SAN FRANCISCO - The three-year legal showdown over California's voter-approved ban on same-sex marriage is headed to the U.S. Supreme Court.
In a brief order Tuesday, the 9th U.S. Circuit Court of Appeals refused to reconsider a ruling earlier this year that struck down Proposition 8, finding the 2008 law unconstitutional because it stripped gay and lesbian couples of the right to marry. The appeals court denied a request from Proposition 8 backers to rehear the case with a special 11-judge panel.
Same-sex couples will not be allowed to marry immediately while Proposition 8 supporters are given a chance to appeal to the Supreme Court.
As a result, gay marriage foes must turn to the Supreme Court as the only chance of reviving California's ban on same-sex nuptials. The development comes less than a week after a federal appeals court in Boston found the federal government's ban on same-sex marriage rights unconstitutional, heightening the prospect the Supreme Court may be forced to consider both state and federal gay marriage restrictions next term.
Proposition 8 supporters have vowed to press their cause to the Supreme Court. They likely would file their request for the Supreme Court to hear the case in the coming months, giving the justices the opportunity to decide whether to take it or let the 9th Circuit decision stand when they return in the fall. If the justices take up the legal battle, they would be expected to hear arguments early next year and rule by June 2013.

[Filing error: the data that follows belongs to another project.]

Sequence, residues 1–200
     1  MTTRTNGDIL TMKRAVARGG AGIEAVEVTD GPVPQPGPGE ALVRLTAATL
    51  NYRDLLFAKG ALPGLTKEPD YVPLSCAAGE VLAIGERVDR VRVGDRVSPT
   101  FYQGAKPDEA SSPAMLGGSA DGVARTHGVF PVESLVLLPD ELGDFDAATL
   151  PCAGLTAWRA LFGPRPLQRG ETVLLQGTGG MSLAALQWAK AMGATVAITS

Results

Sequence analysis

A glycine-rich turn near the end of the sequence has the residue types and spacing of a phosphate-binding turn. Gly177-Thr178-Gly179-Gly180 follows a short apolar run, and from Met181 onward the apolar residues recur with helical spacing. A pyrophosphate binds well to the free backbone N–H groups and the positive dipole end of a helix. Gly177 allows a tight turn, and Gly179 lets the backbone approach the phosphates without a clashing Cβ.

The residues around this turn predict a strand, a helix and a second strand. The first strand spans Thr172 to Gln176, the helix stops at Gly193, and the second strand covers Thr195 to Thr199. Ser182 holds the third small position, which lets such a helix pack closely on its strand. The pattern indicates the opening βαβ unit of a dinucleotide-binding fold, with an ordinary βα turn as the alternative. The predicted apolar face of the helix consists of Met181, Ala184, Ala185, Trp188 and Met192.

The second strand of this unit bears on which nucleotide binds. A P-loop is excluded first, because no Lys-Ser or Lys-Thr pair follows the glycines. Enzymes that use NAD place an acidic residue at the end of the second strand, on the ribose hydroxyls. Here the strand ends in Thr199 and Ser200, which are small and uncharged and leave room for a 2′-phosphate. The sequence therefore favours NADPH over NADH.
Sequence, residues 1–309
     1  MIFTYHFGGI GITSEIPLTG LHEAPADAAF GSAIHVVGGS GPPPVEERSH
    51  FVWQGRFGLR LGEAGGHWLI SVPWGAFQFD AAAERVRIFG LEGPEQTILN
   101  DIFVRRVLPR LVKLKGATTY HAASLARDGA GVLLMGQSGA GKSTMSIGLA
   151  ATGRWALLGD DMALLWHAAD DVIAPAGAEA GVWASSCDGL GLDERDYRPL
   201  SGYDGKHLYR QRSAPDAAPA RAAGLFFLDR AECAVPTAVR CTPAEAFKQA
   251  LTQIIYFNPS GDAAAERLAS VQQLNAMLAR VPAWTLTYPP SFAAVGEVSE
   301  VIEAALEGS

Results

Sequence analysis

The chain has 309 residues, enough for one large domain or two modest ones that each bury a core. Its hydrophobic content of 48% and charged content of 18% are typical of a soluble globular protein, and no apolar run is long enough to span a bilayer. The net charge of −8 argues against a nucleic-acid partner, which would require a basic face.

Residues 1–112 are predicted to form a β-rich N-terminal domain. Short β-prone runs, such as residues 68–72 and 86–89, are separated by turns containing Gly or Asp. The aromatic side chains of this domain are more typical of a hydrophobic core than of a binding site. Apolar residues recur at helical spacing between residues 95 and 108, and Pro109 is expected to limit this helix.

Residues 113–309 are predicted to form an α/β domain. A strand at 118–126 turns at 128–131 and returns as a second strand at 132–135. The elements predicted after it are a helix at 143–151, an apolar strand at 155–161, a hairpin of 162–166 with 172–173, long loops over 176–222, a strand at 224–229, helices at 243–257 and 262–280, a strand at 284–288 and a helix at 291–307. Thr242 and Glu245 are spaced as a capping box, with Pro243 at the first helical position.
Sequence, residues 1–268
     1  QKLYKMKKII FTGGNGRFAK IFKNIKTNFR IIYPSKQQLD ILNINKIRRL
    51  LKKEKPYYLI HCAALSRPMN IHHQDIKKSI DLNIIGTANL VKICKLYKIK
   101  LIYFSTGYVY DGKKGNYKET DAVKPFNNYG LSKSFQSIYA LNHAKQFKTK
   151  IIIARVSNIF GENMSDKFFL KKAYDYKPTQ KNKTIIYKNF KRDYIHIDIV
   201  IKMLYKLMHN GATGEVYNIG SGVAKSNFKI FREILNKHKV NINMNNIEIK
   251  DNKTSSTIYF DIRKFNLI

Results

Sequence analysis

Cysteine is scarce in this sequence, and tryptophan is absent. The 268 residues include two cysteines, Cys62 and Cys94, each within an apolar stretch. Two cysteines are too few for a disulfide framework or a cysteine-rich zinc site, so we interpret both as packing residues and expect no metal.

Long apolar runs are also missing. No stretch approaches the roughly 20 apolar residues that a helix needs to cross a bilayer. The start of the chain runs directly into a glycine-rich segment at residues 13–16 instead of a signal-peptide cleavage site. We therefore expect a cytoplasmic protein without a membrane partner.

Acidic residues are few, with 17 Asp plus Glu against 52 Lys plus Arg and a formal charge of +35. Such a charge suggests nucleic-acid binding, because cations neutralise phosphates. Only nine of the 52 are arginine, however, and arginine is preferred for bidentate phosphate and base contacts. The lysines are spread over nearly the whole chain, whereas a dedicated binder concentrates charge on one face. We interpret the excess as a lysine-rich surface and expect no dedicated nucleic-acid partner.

The 9th Circuit was widely expected to turn down the request to rehear the case. A majority of the court's 25 full-time judges must vote to rehear the case with an 11-judge panel, but the court is dominated by Clinton and Obama appointees who were considered less inclined to reconsider the ruling.
Just three judges dissented, conservatives Diarmuid O'Scannlain, Carlos Bea and Jay Bybee, saying they would rehear the case.
In a 2-1 decision, the 9th Circuit invalidated Proposition 8, saying it stripped the legal right to marry without any social or legal justification other than bias against gays and lesbians. The decision upheld former Chief Judge Vaughn Walker, who held an unprecedented trial in early 2010 and later declared the law unconstitutional.
Legal experts, however, have noted that the 9th Circuit decision was crafted as narrowly as possible, avoiding a finding that there is a constitutional right for same-sex couples to wed. Instead, the 9th Circuit ruling could be limited to California's unique circumstances - voters taking away the right to marry established in the spring of 2008, when the California Supreme Court struck down the state's previous laws outlawing same-sex marriage.
The state Supreme Court decision allowed more than 18,000 gay and lesbian couples to marry before voters approved Proposition 8 in November 2008, and those marriages remain intact. 9th Circuit Judge Stephen Reinhardt stressed that point to say the state cannot create separate, unequal classes of relationships without violating the constitution.